A Firm (Auctioneers & Valuers) and Galway County Council

CourtInformation Commission
JudgeSenior Investigator
Judgment Date18 May 2021
Case OutcomeThe Senior Investigator affirmed the Council's decision. She found that section 37(1) (personal information) applied to the records and that the public interest did not weigh in favour of their release.
RespondentGalway County Council
Record NumberOIC-102272-F6R3D3
Whether the Council was justified in refusing access to records relating to its acquisition of land from two named parties under a particular Compulsory Purchase Order

18 May 2021


On account of the manner in which it is framed, it is useful to set out the applicant’s FOI request of 28 September 2020 in detail rather than in summary form. It referred to a particular Compulsory Purchase Order (CPO) and two named parties (Mr A and Ms B).

Paragraph one said that the Council acquired land from both of the named parties under the CPO and described information regarding Mr A’s plots that the applicant stated the Council had published. The applicant said that it had been unable to confirm if “the alleged owners were de facto the registered owners as at the date of confirmation of the CPO”. It asked for confirmation of whether the Council treated with “this person” and whether “they” transferred the title of whatever was purchased under the CPO to the Council. Paragraph two set out details regarding Ms B’s plots that the applicant said the Council published. Paragraph three asked the Council to explain why it did not follow what the applicant described as the normal way of numbering plots.

Paragraph four referred to a particular plot number and asked the Council to “set out” the farm buildings, their extents, their construction type and any roofing materials. It suggested that any buildings that existed might have been built after the introduction of planning legislation and, if this is the case, asked for details regarding any such planning application made. Paragraph five concerned the land purchased by reference to the same plot number referred to in paragraph four. It asked for details of what was found on it when inspected by Council officials, such as farm buildings, cattle pens, etc. It asked for drawings and specifications and the estimated cost of works carried out relating to the plot. It asked for the reason for the work carried out by the Council on behalf of the landowner “if indeed the named person was the owner”. It asked for a map or plan of the precise location of the work carried out by the Council.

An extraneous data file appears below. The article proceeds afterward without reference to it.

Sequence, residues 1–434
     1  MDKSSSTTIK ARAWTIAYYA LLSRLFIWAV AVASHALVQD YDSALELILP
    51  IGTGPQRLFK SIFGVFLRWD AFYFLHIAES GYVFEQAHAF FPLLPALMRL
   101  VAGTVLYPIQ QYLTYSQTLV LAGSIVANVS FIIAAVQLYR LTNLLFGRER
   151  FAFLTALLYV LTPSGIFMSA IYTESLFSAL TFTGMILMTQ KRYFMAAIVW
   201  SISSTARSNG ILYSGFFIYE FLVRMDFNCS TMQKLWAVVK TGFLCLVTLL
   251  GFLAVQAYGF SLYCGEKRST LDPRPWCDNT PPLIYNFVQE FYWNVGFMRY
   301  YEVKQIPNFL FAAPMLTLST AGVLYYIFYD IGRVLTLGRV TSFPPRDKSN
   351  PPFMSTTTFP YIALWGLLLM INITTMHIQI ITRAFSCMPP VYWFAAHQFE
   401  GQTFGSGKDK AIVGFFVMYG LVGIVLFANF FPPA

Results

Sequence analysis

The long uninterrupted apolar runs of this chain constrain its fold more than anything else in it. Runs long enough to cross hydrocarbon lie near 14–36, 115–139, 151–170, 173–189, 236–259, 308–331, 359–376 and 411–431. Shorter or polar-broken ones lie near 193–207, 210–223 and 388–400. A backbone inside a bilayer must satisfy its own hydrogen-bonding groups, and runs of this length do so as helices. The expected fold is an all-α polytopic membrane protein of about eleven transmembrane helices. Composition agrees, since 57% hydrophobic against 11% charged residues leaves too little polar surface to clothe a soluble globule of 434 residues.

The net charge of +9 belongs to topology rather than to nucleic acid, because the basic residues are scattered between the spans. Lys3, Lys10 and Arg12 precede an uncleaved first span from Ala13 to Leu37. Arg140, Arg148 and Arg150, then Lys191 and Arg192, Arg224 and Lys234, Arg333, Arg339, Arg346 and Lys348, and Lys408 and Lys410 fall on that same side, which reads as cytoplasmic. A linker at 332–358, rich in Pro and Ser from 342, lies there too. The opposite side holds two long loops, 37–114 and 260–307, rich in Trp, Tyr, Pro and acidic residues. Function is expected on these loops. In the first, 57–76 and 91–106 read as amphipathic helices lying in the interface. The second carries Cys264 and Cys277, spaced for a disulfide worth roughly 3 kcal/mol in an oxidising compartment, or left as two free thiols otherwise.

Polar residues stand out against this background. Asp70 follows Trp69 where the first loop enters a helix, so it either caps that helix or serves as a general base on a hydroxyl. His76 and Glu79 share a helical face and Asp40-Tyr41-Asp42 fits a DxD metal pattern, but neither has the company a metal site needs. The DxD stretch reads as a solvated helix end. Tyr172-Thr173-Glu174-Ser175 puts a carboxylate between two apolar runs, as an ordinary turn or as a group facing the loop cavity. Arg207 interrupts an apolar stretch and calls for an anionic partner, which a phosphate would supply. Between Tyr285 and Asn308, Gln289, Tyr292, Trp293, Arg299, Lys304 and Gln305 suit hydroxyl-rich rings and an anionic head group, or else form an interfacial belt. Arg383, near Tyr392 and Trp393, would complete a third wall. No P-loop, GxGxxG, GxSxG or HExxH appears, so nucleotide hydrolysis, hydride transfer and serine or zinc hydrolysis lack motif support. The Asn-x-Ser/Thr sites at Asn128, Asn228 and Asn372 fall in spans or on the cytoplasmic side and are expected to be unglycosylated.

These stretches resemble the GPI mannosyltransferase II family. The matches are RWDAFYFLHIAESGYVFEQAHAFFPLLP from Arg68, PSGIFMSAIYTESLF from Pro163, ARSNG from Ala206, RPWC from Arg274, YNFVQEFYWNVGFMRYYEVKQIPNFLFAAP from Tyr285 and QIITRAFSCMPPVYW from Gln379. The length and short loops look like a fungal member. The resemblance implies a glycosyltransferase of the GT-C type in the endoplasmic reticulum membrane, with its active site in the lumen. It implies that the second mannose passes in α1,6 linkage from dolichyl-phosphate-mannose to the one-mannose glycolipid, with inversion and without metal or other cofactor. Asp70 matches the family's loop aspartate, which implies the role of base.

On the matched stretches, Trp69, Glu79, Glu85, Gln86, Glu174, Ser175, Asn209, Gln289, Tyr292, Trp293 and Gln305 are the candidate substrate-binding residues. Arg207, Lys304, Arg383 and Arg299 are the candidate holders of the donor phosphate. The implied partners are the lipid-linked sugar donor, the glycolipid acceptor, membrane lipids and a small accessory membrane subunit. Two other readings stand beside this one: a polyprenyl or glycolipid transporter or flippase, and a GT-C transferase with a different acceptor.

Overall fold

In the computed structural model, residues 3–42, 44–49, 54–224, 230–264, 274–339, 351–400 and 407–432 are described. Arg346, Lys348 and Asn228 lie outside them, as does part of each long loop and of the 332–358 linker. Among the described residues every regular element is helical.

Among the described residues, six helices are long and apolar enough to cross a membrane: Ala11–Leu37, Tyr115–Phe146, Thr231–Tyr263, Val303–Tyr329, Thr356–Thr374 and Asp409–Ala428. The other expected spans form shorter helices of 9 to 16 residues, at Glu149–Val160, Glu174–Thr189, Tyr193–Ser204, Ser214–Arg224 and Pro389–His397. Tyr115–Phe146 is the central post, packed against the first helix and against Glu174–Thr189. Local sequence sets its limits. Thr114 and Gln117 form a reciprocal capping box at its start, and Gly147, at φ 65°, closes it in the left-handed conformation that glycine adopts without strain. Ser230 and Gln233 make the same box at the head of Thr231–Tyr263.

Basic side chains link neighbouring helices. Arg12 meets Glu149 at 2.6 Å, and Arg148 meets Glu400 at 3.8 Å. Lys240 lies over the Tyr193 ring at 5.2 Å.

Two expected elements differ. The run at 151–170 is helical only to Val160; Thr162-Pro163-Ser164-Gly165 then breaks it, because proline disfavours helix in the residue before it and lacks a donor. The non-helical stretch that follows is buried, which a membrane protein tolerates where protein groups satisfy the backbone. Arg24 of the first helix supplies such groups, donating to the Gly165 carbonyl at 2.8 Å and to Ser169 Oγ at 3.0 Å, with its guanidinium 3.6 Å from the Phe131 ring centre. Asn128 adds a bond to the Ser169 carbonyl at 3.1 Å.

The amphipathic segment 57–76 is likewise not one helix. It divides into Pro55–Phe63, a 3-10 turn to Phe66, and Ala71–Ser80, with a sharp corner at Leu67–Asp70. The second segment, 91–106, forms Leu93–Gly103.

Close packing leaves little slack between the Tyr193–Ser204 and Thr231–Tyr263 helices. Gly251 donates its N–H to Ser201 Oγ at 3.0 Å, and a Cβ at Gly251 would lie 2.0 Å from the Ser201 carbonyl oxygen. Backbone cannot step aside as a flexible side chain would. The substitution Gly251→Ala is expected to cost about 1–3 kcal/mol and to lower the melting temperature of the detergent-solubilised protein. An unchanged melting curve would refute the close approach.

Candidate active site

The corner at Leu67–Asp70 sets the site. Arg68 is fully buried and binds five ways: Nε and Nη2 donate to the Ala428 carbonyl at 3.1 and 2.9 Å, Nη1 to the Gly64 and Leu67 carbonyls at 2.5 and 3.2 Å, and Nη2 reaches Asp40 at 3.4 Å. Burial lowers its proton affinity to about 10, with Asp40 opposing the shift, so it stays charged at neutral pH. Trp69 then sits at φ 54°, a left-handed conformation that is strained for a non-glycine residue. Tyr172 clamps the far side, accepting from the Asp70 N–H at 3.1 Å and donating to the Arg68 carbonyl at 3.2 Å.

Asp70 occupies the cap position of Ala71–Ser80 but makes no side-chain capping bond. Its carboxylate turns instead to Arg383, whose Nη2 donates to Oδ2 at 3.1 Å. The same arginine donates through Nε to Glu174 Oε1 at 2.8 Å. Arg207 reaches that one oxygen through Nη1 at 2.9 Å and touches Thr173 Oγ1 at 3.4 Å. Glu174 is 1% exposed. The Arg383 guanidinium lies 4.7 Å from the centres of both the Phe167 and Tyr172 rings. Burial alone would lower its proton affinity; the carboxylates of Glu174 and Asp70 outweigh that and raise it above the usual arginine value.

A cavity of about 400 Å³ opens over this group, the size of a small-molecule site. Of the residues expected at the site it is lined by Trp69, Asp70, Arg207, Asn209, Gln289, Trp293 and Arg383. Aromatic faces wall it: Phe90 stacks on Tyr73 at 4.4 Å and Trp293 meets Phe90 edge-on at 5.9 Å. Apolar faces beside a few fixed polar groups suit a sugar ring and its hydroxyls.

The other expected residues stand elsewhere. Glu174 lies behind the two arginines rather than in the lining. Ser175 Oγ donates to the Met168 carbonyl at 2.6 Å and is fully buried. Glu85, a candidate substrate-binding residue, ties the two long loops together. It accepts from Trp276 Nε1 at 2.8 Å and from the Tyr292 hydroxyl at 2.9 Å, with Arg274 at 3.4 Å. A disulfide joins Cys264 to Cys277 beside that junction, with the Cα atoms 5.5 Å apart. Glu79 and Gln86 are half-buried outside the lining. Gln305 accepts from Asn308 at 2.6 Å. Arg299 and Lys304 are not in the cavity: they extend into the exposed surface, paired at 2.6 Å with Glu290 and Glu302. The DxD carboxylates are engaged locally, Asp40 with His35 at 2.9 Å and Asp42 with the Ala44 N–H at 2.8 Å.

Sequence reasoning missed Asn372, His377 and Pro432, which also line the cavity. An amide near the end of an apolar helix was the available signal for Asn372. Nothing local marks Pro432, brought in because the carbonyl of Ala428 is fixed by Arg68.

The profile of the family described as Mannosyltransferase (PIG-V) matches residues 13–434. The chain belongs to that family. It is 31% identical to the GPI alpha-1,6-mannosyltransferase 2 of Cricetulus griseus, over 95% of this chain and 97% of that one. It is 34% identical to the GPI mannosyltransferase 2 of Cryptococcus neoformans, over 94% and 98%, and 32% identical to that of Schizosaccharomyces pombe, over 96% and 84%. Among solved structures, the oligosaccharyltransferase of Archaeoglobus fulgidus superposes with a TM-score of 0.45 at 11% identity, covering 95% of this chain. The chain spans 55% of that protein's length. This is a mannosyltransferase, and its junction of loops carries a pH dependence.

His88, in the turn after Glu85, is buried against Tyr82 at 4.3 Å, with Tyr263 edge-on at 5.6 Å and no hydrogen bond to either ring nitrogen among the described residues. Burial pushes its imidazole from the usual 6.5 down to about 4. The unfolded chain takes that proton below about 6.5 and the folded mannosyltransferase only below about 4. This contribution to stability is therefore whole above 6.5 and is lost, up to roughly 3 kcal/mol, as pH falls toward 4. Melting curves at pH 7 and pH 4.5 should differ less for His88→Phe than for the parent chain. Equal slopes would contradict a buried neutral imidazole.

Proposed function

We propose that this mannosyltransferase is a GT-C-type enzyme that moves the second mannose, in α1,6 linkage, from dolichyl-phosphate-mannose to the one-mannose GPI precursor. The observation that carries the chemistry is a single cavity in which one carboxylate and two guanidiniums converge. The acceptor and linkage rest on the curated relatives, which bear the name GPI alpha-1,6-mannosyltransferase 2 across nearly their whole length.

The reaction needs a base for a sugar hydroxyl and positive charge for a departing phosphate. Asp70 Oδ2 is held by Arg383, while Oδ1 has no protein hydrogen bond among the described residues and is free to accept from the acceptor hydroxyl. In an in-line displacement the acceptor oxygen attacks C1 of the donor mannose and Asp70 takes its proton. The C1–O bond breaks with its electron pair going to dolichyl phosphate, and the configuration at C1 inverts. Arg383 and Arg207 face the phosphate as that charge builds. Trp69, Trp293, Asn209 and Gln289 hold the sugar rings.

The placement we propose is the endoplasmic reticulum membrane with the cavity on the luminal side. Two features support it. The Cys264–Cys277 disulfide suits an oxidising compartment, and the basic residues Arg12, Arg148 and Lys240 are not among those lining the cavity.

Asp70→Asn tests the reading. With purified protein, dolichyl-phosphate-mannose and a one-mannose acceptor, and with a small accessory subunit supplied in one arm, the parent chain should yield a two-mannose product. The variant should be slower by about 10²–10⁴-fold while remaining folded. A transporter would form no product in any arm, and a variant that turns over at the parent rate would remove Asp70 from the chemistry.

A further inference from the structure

Paragraph six asked for the particulars, drawings and maps as prepared by the Council in relation to the CPO and details “as outlined above” in relation to the works carried out on the lands acquired, any drawing or plan prepared for those works, the name of the person responsible for the drawings or plans and the total costs incurred in regard to all works carried out by the Council outside the area involved in the CPO.

The Council issued its decision on 27 October 2020, in which it answered the query in paragraph three and provided access to two drawings that it says were published under the relevant CPO. Otherwise, however, the Council refused the request under section 37(1) of the FOI Act (personal information). In summary, it stated that it considers the request to seek personal information as well as commercially sensitive information regarding accommodation works for the individuals mentioned. It noted that the requester had not provided any confirmation that it was acting for Mr A and Ms B or that they consented to the release of their personal information.

The applicant sought an internal review on 4 November 2020. The Council’s internal review decision of 15 December 2020 affirmed its refusal of the request under section 37(1) of the FOI Act on the basis that the records form part of discussions and negotiations with third parties as part of a CPO process and the records therefore constitute the personal information of those parties. It reiterated that the requester had not provided any...

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